Sea Power 2022: Maritime technology inspires future workforce

The future of maritime and naval technology was on display at the Indo Pacific Conference 2022 in Sydney this week. The specialist recruiting team from Defence Force Recruiting (DFR) was on hand to recruit our future sailors and officers.

CAPTION: Petty Officer Electronics Technician Submarines Michael Budden works at the Defence Force Recruiting stand during the Royal Australian Navy Sea Power Conference as part of Indo Pacific 2022 held in Sydney.

The large, multi-national conference attracted 657 participating exhibitor companies from 22 nations to the International Conference Centre in Darling Harbour, to showcase their newest technology and innovation, including long-range strike weapons, robotics, autonomous capability, and more.

Specialist recruiter for submariners, Petty Officer Michael Budden said it was exciting to be surrounded by cutting edge technology and with the opportunity to connect with industry colleagues.

“It’s important that DFR has a presence at Indo Pacific 22 so we can connect with and be around our Defence industry partners, and people who are interested in the future of Navy technology,” Petty Officer Budden said.

“It’s really thrilling to see the sort of equipment we could be working on in our current and future submarines, ships, aircraft and autonomous systems.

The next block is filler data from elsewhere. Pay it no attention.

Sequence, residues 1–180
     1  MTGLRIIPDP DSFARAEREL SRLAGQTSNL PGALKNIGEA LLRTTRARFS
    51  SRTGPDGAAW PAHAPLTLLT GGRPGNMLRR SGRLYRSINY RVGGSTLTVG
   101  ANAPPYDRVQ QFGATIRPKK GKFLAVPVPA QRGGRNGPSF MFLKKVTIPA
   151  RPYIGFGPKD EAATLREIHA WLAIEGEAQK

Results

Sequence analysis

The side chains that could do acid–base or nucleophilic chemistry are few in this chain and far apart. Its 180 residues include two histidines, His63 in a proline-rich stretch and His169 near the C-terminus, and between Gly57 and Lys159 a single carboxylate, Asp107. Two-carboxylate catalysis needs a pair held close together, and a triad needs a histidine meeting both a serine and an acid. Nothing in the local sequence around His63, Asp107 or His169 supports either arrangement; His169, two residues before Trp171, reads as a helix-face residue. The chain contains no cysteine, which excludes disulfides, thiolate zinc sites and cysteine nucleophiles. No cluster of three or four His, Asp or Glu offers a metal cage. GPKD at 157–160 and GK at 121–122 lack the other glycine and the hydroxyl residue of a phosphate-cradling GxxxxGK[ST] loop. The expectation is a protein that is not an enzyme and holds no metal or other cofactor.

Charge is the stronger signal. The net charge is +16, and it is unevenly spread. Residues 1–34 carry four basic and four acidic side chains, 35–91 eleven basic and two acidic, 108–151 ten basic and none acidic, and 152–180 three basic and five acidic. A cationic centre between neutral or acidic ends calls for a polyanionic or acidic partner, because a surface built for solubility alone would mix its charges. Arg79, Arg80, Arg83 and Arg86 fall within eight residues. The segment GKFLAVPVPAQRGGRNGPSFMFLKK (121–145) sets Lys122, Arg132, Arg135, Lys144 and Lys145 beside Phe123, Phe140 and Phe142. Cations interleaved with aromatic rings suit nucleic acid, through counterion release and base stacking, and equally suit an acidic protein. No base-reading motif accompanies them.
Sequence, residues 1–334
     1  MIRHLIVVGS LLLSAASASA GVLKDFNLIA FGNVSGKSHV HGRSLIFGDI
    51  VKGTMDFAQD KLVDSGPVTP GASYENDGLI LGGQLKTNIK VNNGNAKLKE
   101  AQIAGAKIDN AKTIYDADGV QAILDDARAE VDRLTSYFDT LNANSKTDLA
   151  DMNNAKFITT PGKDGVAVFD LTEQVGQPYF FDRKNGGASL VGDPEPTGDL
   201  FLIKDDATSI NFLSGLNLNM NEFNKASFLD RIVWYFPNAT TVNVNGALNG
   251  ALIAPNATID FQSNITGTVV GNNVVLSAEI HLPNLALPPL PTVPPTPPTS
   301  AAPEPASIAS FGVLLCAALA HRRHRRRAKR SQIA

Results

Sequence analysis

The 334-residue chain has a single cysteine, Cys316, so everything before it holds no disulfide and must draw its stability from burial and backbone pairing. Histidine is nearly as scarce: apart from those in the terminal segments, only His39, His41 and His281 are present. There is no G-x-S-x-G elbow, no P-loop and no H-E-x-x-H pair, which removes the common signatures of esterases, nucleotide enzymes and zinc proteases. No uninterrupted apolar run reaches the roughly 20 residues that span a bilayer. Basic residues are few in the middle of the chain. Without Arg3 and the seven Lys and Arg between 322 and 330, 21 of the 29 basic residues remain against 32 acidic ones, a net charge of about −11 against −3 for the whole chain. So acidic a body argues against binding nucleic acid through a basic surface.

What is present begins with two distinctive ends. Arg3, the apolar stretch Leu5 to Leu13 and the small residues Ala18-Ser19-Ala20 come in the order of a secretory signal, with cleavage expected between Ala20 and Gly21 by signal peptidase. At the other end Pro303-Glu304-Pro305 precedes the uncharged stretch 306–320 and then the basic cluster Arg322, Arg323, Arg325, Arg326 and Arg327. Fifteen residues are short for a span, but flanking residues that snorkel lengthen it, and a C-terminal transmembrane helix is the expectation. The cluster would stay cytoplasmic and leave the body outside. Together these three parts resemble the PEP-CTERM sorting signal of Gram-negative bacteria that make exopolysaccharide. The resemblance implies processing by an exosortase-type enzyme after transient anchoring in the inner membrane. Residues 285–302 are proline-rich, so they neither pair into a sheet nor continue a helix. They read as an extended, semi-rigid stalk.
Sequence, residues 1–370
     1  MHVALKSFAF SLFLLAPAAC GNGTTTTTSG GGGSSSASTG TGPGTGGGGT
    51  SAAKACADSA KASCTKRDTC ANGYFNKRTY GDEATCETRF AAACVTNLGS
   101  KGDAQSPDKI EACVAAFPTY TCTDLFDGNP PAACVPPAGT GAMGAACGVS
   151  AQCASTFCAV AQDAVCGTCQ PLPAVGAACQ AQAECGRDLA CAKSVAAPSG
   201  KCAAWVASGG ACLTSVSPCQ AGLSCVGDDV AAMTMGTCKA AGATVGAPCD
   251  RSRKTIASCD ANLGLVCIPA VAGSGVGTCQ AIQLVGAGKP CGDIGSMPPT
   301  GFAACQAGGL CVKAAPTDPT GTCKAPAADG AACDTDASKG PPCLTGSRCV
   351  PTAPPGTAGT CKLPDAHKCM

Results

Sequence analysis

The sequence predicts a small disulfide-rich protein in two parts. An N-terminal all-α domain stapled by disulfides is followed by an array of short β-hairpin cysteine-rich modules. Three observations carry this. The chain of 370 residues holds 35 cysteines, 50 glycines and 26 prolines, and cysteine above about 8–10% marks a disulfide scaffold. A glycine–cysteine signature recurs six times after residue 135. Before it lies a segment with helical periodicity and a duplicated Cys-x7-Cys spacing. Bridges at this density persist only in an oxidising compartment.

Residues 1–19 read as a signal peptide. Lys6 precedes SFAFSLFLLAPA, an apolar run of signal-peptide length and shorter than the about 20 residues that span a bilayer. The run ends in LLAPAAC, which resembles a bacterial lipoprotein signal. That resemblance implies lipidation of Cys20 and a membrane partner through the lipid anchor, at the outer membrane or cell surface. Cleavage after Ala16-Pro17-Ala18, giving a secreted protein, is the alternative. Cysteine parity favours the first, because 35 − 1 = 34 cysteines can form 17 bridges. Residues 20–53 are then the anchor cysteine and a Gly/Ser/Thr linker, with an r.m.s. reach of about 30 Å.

“People who want to join the Navy can actually see the technology they might be working on firsthand from the enterprises and industry that are creating this technology,” he said.

As the Navy evolves and the future fleet emerges, including nuclear-powered submarines, Hunter-class frigates and Arafura-class offshore patrol vessels, the Navy needs to grow its workforce with the right talent and skills to operate advanced capabilities.

Head Navy People Training and Resources, Deputy Chief of Navy, Rear Admiral Chris Smith said people were the key to carrying innovation forward and adapting to emerging opportunities and threats.

“There are plans to increase our uniformed force to approximately 16,000 people by 2024, and to 20,000 by 2040. The Navy’s part-time workforce will also increase,” Rear Admiral Smith said.

“It’s an exciting, innovative time to be part of Navy, and we must recruit people into a thinking, collaborative Navy.

“The continuous introduction of leading-edge technology into our Navy will shape our future capability, and our people are our best asset in taking these concepts and ideas forward.”

The future workforce presents a range of exciting career pathways, including new roles like nuclear engineers, cyber operators, information warfare officers, remote pilots and autonomous systems operators. Navy people will also be able to move through a range of exciting training and posting opportunities throughout their careers, both at sea and ashore.






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